The most explicit social ritual has developed around the sharing of drugs, which is a very frequent activity. The drug sharing ritual can take a rather formal shape, as was observed in 'dyads' of IDUs, or be more casual, for example when drugs are shared in a 'pub-like' atmosphere among visitors of a house address. The sharing ritual is subject to several rules, e.g. regarding reciprocity and helping sick users. While some instrumental functions are apparent, for example preventing withdrawal, the drug sharing ritual symbolizes a broader pattern of social interaction in the drug subculture. Drug sharing expresses the almost universal subcultural rule of "share what you have" and is an important way to socialize and (re)establish relationships. In the latter sense it matches the cup of coffee (indeed, a drug) offered to a visitor. Drug sharing plays a crucial role in the social organization of drug users. It smothers conflicts and creates a special bond. It provides a feeling of identity and a support system, which satisfies basic human desires for intimacy, social solidarity and harmony. Therefore, the main social function of the drug sharing ritual is the maintenance of the drug using network and, ultimately, the drug subculture. These 'tribal' characteristics are shared with all other forms of human organization. Drug sharing is thus merely an expression of fundamental and normal human interaction.


Part II: Drug Use Rituals, Health Problems and Drug Policy

Part II of the dissertation reports on seven substudies concerning the relationship between drug use rituals, drug policy and health problems, in particular the spread of HIV among IDUs. The literature study reported in chapter ten compares the (physical) health consequences of the two main administration rituals. It centers around the risk of (fatal) overdose and physical harm related to regular use. While under legal and controlled conditions injecting may perhaps be preferable, it is concluded that ,given the current condition of prohibition, smoking is a less harmful drug administration ritual.

Chapter eleven offers a comprehensive investigation of the HIV transmission risks associated with drug sharing among IDUs. The drug sharing techniques frontloading and backloading were not only observed in Rotterdam, but in several places in Europe and the USA. Recent American research confirmed the hypothesis of the presented study --a strong statistical association with HIV infection was found. As the prevalence of needle sharing is rather low in the Netherlands, frontloading is probably a main route of HIV spread in this country.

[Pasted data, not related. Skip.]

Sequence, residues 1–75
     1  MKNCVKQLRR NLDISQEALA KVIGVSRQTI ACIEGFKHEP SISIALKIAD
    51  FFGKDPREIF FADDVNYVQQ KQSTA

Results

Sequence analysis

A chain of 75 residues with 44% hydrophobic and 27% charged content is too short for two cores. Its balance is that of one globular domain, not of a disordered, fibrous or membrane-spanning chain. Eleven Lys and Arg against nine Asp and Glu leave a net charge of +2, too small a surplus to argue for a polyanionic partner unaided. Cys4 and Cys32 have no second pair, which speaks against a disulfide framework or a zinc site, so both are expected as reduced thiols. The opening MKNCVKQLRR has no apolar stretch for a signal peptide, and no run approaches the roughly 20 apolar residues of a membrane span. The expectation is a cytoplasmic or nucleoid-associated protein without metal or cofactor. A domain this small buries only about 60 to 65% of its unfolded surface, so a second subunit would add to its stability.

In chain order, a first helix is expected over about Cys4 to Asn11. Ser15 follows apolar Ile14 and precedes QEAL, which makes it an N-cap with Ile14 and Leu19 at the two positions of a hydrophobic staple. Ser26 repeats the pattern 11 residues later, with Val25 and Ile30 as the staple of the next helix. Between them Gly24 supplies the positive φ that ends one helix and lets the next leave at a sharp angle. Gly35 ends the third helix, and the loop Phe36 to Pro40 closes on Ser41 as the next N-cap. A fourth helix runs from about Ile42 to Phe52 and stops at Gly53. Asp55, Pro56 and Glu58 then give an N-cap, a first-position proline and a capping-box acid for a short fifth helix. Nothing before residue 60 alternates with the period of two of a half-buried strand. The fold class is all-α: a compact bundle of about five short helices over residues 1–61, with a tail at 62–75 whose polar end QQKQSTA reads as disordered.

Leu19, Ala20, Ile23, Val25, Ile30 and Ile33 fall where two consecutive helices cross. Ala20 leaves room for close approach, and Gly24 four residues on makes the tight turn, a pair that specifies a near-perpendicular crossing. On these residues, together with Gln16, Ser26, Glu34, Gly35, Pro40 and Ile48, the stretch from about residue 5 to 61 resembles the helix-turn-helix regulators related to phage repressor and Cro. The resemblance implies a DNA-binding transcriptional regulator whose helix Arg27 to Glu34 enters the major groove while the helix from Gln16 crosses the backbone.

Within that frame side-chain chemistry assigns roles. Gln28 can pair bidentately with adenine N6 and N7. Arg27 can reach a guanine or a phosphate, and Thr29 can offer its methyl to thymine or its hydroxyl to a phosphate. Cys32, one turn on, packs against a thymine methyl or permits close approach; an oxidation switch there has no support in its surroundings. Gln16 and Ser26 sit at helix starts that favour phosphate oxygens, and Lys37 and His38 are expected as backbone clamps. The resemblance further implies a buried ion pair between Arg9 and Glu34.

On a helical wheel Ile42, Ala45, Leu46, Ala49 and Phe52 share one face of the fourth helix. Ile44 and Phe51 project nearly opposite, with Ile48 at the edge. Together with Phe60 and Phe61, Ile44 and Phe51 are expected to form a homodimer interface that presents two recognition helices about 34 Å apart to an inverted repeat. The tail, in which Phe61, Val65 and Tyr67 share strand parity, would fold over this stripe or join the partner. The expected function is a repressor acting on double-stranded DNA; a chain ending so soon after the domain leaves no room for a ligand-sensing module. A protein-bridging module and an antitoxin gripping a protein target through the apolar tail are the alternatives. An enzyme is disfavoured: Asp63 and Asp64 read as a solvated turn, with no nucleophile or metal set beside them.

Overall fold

The subject of the study reported in chapter twelve is the sharing of needles, syringes and other injection paraphernalia. It was first of all concluded that needle sharing did not serve ritual purposes among the observed IDUs. This 'high-risk' activity appeared to be mainly determined by three factors: (i) (un)availability of sterile injection equipment, (ii) experience with the injecting ritual and its protective skills and (iii) drug craving, in particular for cocaine. While most IDUs in the study were relatively careful with syringes and needles, such caution was not extended to other injection attributes and materials. Spoons, filters and water containers were more than once casually shared, which indicates a serious lack of knowledge. The analysis further suggested that sharing of injecting paraphernalia may often be reinforced by deteriorated venous condition. Finally, the drug injection interactions discussed in the chapter were plotted to expose the hypothetical HIV transmission routes. This demonstrated the complexity of risk behavior associated with drug injecting in groups.

The question whether needle sharing can be considered a ritual interaction is the central issue of chapter thirteen. First, this chapter reviewed the literature on this issue. Several authors make bold statements regarding the ritual properties of needle sharing, but all fail to support these with data or relevant references. A questionable practice of chain-referencing was found leading back to a study published in 1970. It was concluded that none of the reviewed papers offered substantial evidence for the thesis that needle sharing is a ritual. Ensuing, this chapter examined needle sharing in light of the relevant definitions of ritual and ritual object. It was demonstrated that the attachment of symbolic elaboration to the instrumental act of needle sharing is principally subject to the 'perceived availability' of drug injection equipment. Furthermore, injection equipment can only obtain 'secondary' ritual value, while drugs have 'intrinsic' or 'primary' ritual value, because of their direct relationship to the effect of the excecution of the ritual. These two factors, the absence of standardized needle sharing patterns and the diminished functionality of needle sharing, due to (knowledge of) the HIV epidemic make the addition of special meaning to the instrumental act of needle sharing not likely. Even in the USA, where needle availability is severely restricted, there is no substantial evidence in support of ritual needle sharing. On the contrary, a growing number of scientific publications show significant behavior change towards safer injection practices. Finally, the chapter investigated the sources of some of the boldest statements on this issue and concluded that 'the needle sharing ritual' better qualifies as a deceptive political soundbite, used by high rank US officials in the 'war on drugs', than as a valid scientific concept.